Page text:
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Today's poem is "Dove"
from Heidegger's Temple

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Virginia Slachman is the author of The Lance and Rita Poems (co-authored with poet Kurt Brown). She is the recipient of the Elliston Prize in Poetry and her work has appeared in such literary magazines as Salmagundi and The Dominion Review. She teaches at Miami University.

About Heidegger's Temple:

"In the ongoing Romantic quest to look not at but into things, these sinuous explorations show a poet alive to the intricacies of art and nature. They trace a way of thinking--fluid, deft, open to discovery--as their supple beauty gradually teases us out of thought. In Virginia Slachman’s poems, meditation and music, the mind and the yearning heart, are one."
—Don Bogen

"Heidegger’s Temple is a first book that rewards on multiple levels. The opening poem from which the collection takes its name is not an exercise of intellectual pretense. Rather, it is a sensuous discovery, a fresh illumination of a philosophic landscape where order doesn’t depend on the centrality of the human. And so it is with the collection as a whole: layers of metaphor, exquisitely composed, beckon us to ponder new ideas or complex states of feeling that we hadn’t thought to ask for, but now have become our realities--concrete and indispensible to us. Like Modernist philosophy, art (painting, architecture, writing) provides an anchoring thread for this verse tapestry. Slachman is not content with art as allusion merely; instead she sets into play the activity of the artist, imaginatively inhabiting a given sensibility and making that way of seeing palpable. The artist who is most deeply alive in the collection, both in its imagery and its ideas, is Rainer Maria Rilke, of The New Poems and The Duino Elegies. His still-life verses (the ‘Hydrangea’ poems or ‘The Bowl of Roses,’ or his lyrical evocation of sculpted images of the divine or angelic, ‘L’Ange du Méridien’) are refigured here, but in darker emotional tones and more fractured language. Rilke’s tragic sense of death as life’s most basic process fits well with Slachman’s edgier voice and her vigilant resistance to unearned harmonies."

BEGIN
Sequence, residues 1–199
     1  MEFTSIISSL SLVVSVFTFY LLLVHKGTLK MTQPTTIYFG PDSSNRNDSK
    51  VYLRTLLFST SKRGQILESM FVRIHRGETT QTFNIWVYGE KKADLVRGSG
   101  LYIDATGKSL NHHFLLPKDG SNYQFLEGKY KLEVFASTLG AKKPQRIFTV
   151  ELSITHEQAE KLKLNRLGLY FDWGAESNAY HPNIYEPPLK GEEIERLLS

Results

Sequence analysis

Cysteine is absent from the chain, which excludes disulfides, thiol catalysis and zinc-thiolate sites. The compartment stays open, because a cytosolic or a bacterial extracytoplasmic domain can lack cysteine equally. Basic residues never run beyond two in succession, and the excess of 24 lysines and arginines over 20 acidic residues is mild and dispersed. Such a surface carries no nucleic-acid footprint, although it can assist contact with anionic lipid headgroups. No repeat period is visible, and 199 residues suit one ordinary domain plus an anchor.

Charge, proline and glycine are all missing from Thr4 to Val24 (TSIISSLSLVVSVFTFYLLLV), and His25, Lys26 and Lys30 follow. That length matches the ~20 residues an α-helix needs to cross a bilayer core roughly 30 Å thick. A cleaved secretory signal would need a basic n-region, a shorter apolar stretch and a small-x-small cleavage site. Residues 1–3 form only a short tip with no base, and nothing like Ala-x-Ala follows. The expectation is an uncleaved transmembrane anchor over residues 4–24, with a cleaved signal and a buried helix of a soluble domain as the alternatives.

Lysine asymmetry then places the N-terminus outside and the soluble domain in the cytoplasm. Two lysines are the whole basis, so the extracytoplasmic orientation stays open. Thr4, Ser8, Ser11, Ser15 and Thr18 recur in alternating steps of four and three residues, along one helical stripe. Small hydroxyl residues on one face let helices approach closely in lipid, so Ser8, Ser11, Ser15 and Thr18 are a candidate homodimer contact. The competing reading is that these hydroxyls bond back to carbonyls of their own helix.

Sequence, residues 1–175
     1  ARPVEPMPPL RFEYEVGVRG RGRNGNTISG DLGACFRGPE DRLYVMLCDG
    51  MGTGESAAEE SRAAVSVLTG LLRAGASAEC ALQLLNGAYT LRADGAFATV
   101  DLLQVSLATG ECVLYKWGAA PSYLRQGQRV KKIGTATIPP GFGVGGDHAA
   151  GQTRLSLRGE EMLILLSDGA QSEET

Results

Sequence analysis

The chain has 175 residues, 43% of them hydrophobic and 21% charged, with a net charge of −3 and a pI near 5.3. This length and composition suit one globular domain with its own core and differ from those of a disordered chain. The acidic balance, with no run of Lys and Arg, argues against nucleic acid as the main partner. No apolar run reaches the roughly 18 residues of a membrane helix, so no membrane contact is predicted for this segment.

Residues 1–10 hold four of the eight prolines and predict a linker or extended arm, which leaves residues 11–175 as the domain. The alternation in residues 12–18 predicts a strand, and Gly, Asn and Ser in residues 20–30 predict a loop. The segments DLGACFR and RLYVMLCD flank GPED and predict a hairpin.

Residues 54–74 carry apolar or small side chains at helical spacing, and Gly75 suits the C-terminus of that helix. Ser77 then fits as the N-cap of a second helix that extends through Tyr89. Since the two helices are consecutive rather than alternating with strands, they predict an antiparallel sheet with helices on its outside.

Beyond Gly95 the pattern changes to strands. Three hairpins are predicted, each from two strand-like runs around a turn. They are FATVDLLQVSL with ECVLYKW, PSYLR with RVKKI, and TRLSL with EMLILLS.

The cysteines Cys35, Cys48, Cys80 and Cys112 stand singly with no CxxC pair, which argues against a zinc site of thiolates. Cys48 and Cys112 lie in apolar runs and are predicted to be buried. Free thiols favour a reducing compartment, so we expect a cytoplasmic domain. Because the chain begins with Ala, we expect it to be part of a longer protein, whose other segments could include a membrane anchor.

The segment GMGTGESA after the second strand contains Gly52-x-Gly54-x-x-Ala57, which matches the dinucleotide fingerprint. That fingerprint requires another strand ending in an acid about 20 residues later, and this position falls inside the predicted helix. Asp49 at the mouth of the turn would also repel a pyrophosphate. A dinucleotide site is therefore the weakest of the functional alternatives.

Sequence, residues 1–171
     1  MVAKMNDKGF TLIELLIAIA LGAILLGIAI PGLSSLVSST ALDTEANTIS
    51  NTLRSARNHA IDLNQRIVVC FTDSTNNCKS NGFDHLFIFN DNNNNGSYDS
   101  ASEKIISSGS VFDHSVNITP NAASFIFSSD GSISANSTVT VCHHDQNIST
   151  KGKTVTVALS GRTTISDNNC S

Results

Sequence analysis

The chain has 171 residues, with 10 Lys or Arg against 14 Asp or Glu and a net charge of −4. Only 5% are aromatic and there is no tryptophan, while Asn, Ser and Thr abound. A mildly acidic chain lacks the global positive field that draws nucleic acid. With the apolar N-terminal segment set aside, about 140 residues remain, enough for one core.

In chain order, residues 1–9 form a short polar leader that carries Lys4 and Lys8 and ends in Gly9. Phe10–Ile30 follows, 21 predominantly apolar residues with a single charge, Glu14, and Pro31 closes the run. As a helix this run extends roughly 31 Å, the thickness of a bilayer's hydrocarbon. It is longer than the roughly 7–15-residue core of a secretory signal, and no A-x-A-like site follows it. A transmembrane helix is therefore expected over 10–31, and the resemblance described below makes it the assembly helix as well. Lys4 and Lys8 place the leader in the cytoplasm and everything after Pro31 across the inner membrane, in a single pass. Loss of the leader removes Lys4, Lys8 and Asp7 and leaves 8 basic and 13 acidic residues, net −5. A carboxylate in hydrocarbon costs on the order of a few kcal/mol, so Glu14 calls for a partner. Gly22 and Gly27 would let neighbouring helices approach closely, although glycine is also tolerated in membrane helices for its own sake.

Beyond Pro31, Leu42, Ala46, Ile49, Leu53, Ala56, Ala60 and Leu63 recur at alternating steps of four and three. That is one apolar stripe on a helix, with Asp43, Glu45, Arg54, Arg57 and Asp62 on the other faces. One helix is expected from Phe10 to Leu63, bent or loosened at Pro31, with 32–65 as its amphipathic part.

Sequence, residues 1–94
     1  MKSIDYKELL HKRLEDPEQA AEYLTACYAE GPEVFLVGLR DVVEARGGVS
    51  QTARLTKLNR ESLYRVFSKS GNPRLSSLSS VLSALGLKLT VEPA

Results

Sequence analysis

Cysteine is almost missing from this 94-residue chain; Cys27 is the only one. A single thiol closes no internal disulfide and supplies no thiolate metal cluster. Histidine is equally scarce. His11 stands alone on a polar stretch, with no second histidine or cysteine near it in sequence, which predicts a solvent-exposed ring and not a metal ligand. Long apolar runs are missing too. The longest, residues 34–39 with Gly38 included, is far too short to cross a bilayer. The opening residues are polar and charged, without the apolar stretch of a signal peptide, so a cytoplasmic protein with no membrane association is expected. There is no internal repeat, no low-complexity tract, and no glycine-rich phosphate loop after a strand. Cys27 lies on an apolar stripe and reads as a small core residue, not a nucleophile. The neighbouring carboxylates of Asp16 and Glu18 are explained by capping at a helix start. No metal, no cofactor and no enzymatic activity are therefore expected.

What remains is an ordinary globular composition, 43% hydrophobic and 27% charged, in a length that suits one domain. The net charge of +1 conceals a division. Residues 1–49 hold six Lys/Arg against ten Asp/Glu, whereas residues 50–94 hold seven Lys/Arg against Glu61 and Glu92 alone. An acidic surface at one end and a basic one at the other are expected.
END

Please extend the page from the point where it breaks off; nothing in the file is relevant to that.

—Beth S. Ash



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